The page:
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The art of decorative writing
Calligraphy (from Greek "kallos" "beauty" + "graphos" "writing") is the art of decorative writing. A style of calligraphy is described as a "hand".
For centuries, Chinese literati were expected to master the art of calligraphy.
Calligraphy is an art dating back to the earliest day of history, and widely practiced throughout China to this day. Although it uses Chinese words as its vehicle of expression, one does not have to know Chinese to appreciate its beauty. Calligraphy, in essence, is an abstract art.
East Asian calligraphy typically uses ink brushes to write Chinese characters (called Hanzi in Chinese, Kanji in Japanese, and Hanja in Korean). Calligraphy is considered an important art in East Asia and the most refined form of East Asian painting.
Calligraphy has influenced most major art styles in East Asia, including sumi-e, a style of Chinese and Japanese painting based entirely on calligraphy.
Islamic calligraphy is an aspect of Islamic art that has co-evolved alongside the religion of Islam and the Arabic language.
Arabic/Persian calligraphy is associated with geometric Islamic art (arabesque) on the walls and ceilings of mosques as well as on the page. Contemporary artists in the Islamic world draw on the heritage of calligraphy to use calligraphic inscriptions or abstractions in their work.
Instead of recalling something related to the reality of the spoken word, calligraphy for Muslims is a visible expression of the highest art of all, the art of the spiritual world. Calligraphy has arguably become the most venerated form of Islamic art because it provides a link between the languages of the Muslims with the religion of Islam. The holy book of Islam, al-Qur'an, has played an important role in the development and evolution of the Arabic language, and by extension, calligraphy in the Arabic alphabet. Proverbs and complete passages from the Qur'an are still active sources for Islamic calligraphy.
There was a strong parallel tradition to that of the Islamic, among Aramaic and Hebrew scholars, seen in such works as the Hebrew illuminated bibles of the 9th and 10th centuries.
Western calligraphy is the calligraphy of the Latin writing system, and to a lesser degree the Greek and Cyrillic writing systems. Early alphabets had evolved by about 3000 BC. From the Greek alphabet evolved the Latin alphabet. Capital letters emerged first, followed by the invention of lower case letters in the Carolingian period.
Long, heavy rolls of papyrus were replaced by the Romans with the first books, initially simply folded pages of parchment made from animal skins. Reed pens were replaced by quill pens.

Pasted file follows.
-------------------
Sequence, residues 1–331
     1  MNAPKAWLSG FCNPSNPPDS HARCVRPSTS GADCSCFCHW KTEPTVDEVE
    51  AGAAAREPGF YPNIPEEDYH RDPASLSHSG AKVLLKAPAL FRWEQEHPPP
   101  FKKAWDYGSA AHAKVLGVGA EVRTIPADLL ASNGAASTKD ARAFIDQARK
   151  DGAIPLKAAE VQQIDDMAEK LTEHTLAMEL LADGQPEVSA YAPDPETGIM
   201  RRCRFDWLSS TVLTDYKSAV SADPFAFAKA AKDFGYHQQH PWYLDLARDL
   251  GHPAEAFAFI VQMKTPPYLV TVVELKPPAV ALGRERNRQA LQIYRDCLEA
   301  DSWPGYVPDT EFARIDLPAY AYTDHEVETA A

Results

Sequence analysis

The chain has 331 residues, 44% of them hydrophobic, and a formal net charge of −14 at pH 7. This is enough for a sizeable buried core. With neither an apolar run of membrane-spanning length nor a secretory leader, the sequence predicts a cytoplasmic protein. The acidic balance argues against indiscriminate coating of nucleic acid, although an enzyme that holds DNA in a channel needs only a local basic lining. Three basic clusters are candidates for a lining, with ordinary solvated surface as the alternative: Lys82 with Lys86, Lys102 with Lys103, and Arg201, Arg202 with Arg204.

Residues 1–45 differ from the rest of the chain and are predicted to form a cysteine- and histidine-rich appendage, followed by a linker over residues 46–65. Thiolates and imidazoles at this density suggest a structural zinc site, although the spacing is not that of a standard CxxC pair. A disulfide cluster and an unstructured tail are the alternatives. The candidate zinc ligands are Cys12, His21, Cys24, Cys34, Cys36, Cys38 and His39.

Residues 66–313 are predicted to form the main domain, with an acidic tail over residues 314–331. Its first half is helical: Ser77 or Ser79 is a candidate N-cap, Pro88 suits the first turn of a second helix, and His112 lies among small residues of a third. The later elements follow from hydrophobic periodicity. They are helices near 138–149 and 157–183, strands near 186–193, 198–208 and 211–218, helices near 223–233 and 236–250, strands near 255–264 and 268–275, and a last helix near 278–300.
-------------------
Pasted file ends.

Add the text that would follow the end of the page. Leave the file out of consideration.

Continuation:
Christianity gave a boost to the development of writing through the prolific copying of the Bible and other sacred texts. Uncial letters were used by monks in Ireland, Scotland, and other places on the Celtic fringes of Europe, hence the name "Insular style" for this type of writing. The 7th-9th Century in northern Europe was the heyday of the illuminated manuscript, exemplified by the Lindisfarne Gospels.
Charlemagne helped the spread of beautiful writing by bringing Alcuin, the Abbot of York, to his capital of Aachen. Alcuin undertook a major revision of all styles of script and all texts. He then developed a new "hand" named after his patron Charlemagne: "Carolingian minuscule style".
Blackletter (a.k.a. Gothic Script) followed in the 12th century, and Italy contributed Chancery and Italic scripts.
What followed was the heyday of the illuminated manuscript.
Hand-written and hand-decorated books became less common after the invention of printing by Johann Gutenberg in the 15th century. However, at the end of the 19th century, William Morris and the Arts and Crafts Movement rediscovered and popularised calligraphy. Many famous calligraphers were influenced by Morris, especially Edward Johnston, Eric Gill and others.
Some important contemporary calligraphers are Arthur Baker and Hermann Zapf. As handwritten forms of communication have become more rare, calligraphy is often reserved for special occasions and events, most notably the addressing of wedding invitations and announcements. However, graffiti-style lettering, a dramatic, angular, block hand, has become common in various media since the 1970s. Graffiti is especially associated with Hip hop culture, being one of its "four elements".
In the United Kingdom many calligraphers belong to the Society of Scribes & Illuminators, which provides training and development to members.
There are many calligraphic typefaces such as Blackletter (including Fraktur), Lombardis, Uncial, Italic, and Roundhand.
Copperplate is name of a style of calligraphic writing, using a sharp pointed nib instead of the flat nib used in most calligraphic writing. The name comes from the sharp lines of the writing style resembling the etches of engraved copper. The Copperplate typeface attempts to emulate copper engraved letters.
Copperplate obtains its name from the copybooks of the 18th and 19th centures, which were created by the engraving of copper printing plates using mirrors. Students worked strenuously to copy these works, although the final results could never be obtained, because the works were created originally from the chiselling of copper plates, rather than the usage of fountain or quill pens. Nonetheless, the repeated efforts by these students resulted in phenomenal qualities.
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